Male reproductive system
The male reproductive system (Latin: systema genitale masculinum) is composed of a series of various organs, glands and ducts that all together work to produce, store and deliver sperm to fertilize the female egg and, as a result, produce offspring. Moreover, these organs are responsible for giving sexual pleasure, and some of them also produce essential hormones called androgens that are responsible for male development. Overall, the male reproductive organs can be subdivided into two groups - internal and external genital organs.
External male genital organs
The external male genital organs are found outside the male body, and these include the penis and the scrotum:
- Penis - an unpaired organ responsible for the excretion of urine and sperm. It is made up of three parts: root (the base or proximal portion of the penis that attaches it to the pubic symphysis and bones of the pelvis), shaft or body (long, cylindrical-shaped part of the penis formed by three columns of erectile tissue (one spongious and two cavernous bodies) that fill with blood during sexual arousal to cause erection) and glans (the most distal rounded tip that is partially covered by a loose double skin fold called the foreskin or prepuce). Additionally, through the penis goes the urethra. Although the urethra is an organ of the urinary system, it carries both - urine and semen - out of the body.
- Scrotum - a sac of skin and smooth muscles that holds paired testicles, epididymides, and the lower portions of the spermatic cords. It is located below the penis and is divided into two compartments, each of which contains one testicle and epididymis. Overall, the scrotum helps to regulate the temperature of the testicles, which is an important physical factor that can affect sperm production.
Internal male genital organs
The internal genital organs of a male reproductive system are found within the body, and they include the testicles, epididymides, vasa deferentia, seminal vesicles, prostate, ejaculatory ducts and bulbourethral glands.
- Testicle (testis) - two small, oval-shaped organs that are found within the scrotum; they produce sperm and are responsible for the synthesis of the male sex hormone testosterone; each testicle is surrounded by several layers of tissue;
- Epididymis - a long paired coiled tube that lies on the top and posterior aspect of each testicle; it is composed of a series of ducts and is a site where spermatozoa mature and are stored;
- Vas deferens (ductus deferens) - a long paired muscular tube that carries sperm from the epididymis to the ejaculatory duct; at its distal ends, each vas deferens is slightly dilated, and this enlargement is known as ampulla; each ampulla converges with the excretory duct of the seminal vesicle to form the ejaculatory duct;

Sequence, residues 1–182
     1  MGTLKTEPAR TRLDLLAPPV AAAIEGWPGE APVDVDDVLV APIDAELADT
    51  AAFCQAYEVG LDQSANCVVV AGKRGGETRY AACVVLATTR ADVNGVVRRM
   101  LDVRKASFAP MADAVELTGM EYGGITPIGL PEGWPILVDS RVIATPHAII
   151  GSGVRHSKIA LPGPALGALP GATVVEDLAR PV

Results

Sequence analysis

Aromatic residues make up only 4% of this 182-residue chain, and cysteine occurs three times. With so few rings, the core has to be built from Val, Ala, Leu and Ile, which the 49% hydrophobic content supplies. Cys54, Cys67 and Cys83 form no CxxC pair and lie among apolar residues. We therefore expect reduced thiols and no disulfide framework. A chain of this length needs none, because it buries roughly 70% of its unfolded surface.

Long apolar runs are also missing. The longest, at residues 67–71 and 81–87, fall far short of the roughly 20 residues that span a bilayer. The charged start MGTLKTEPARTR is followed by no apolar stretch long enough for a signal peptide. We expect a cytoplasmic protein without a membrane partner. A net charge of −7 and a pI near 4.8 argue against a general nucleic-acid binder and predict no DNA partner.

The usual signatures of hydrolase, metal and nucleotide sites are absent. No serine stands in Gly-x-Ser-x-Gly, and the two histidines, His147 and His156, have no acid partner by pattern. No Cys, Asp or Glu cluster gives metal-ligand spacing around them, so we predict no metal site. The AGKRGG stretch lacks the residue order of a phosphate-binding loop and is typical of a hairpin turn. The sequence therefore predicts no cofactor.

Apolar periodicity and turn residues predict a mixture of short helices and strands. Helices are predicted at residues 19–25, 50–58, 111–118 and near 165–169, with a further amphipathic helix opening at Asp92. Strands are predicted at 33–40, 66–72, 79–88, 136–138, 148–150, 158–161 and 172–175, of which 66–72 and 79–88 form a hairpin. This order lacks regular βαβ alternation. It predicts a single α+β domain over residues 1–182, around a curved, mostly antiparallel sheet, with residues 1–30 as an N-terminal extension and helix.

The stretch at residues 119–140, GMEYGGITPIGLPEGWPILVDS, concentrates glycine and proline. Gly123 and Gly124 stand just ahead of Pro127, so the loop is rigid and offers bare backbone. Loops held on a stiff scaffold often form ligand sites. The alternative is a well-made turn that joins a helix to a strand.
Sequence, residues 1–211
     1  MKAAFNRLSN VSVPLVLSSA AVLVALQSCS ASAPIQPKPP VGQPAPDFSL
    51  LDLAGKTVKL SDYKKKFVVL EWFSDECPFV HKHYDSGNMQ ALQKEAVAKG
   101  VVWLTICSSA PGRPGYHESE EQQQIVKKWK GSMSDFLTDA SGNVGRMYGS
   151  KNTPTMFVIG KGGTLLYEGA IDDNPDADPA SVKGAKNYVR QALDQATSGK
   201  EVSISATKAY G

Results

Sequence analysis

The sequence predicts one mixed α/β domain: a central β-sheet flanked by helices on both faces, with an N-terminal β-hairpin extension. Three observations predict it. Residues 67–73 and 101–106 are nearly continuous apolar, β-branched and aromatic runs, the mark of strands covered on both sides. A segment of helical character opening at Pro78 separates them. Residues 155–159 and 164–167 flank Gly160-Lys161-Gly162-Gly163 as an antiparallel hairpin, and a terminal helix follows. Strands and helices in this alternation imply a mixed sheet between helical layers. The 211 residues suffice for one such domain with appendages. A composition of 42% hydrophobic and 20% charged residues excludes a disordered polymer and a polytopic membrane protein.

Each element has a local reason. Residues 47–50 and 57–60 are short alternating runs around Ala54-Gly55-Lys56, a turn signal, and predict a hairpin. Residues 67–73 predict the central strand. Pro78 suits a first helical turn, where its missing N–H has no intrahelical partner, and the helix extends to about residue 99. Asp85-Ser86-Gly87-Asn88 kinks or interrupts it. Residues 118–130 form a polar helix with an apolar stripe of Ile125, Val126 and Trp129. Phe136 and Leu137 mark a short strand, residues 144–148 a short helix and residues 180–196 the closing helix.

- Seminal vesicle - two elongated tube-like small glands located posterior to the prostate and inferior to the fundus of the bladder; they produce a fluid that nourishes and protects sperm and forms the majority of the semen;
- Prostate - a small unpaired gland located inferior to the bladder; it is roughly the size and shape of a walnut and surrounds the urethra; it produces a thin, milky fluid that also participates in the formation of the semen; overall, the fluid produced by the prostate contains various substances that help to nourish and protect sperm;
- Ejaculatory duct - a pair of short, muscular tubes that connect the ductus deferens to the urethra; this duct goes through the prostate and joins the urethra close to the apex of the gland; these ducts are responsible for propelling sperm and seminal fluid into the urethra during ejaculation;
- Bulbourethral gland (Cowper's gland) - two small pea-shaped glands located behind the membranous portion of the urethra inferior to the prostate and near the root of the penis; it produces a fluid that lubricates the urethra and helps to neutralize any acidity in the urethra.
Functions of male reproductive system
When a man becomes sexually aroused, the muscles surrounding the epididymis and ductus deferens contract, forcing sperm into the ejaculatory duct. The seminal vesicles, prostate and bulbourethral glands produce fluids that mix with sperm creating semen. The semen is further ejaculated out of the body during orgasm via the urethra going through the penis.
Overall, the male reproductive organs serve several essential functions, and here is a summary of some of the key functions:
- Production of sperm - the testes are responsible for producing sperm; the process of sperm production is called spermatogenesis.
- Storage and transportation of sperm - the epididymis serves to store and transport sperm from the testicle to the ductus deferens; further sperm is transported to the outside of the body via the ductus deferens, ejaculatory duct and urethra;
- Production of semen - various sex glands, including the seminal vesicles, prostate, and bulbourethral glands, produce and secrete fluids that combine with sperm to form semen; these fluids contain nutrients that nourish sperm and help spermatozoa to survive in the female reproductive tract;
- Ejaculation - the process of ejaculation involves the contraction of muscles in the male reproductive system, which propels semen out of the body through the urethra;
- Sexual pleasure function - the male reproductive system plays a crucial role in sexual function, including arousal, erection, and orgasm;
- Secretion of hormones - the testicles also secrete male sex hormones such as testosterone; it plays a crucial role in the development of male secondary sexual characteristics - facial and body hair growth, deepening of the voice, and muscle mass enlargement.
To sum up, the male reproductive system is essential for the continuation of the human species, as it enables men to produce and deliver sperm for fertilization of the female egg.